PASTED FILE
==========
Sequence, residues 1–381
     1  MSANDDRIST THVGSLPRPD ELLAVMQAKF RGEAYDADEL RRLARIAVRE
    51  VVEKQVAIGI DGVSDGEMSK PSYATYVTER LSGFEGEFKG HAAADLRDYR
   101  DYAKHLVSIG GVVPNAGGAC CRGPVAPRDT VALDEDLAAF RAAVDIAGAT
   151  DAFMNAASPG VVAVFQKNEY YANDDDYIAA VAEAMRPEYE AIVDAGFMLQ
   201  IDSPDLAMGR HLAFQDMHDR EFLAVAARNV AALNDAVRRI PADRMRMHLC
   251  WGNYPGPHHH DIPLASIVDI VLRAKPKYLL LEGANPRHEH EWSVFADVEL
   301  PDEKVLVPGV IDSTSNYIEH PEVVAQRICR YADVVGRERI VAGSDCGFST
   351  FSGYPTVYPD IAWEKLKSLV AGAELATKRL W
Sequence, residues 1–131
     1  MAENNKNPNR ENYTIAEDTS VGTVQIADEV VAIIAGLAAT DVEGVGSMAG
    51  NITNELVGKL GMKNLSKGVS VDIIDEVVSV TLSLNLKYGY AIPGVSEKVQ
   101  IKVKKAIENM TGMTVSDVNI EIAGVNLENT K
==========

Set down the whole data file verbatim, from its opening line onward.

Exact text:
Sequence, residues 1–381
     1  MSANDDRIST THVGSLPRPD ELLAVMQAKF RGEAYDADEL RRLARIAVRE
    51  VVEKQVAIGI DGVSDGEMSK PSYATYVTER LSGFEGEFKG HAAADLRDYR
   101  DYAKHLVSIG GVVPNAGGAC CRGPVAPRDT VALDEDLAAF RAAVDIAGAT
   151  DAFMNAASPG VVAVFQKNEY YANDDDYIAA VAEAMRPEYE AIVDAGFMLQ
   201  IDSPDLAMGR HLAFQDMHDR EFLAVAARNV AALNDAVRRI PADRMRMHLC
   251  WGNYPGPHHH DIPLASIVDI VLRAKPKYLL LEGANPRHEH EWSVFADVEL
   301  PDEKVLVPGV IDSTSNYIEH PEVVAQRICR YADVVGRERI VAGSDCGFST
   351  FSGYPTVYPD IAWEKLKSLV AGAELATKRL W
Sequence, residues 1–131
     1  MAENNKNPNR ENYTIAEDTS VGTVQIADEV VAIIAGLAAT DVEGVGSMAG
    51  NITNELVGKL GMKNLSKGVS VDIIDEVVSV TLSLNLKYGY AIPGVSEKVQ
   101  IKVKKAIENM TGMTVSDVNI EIAGVNLENT K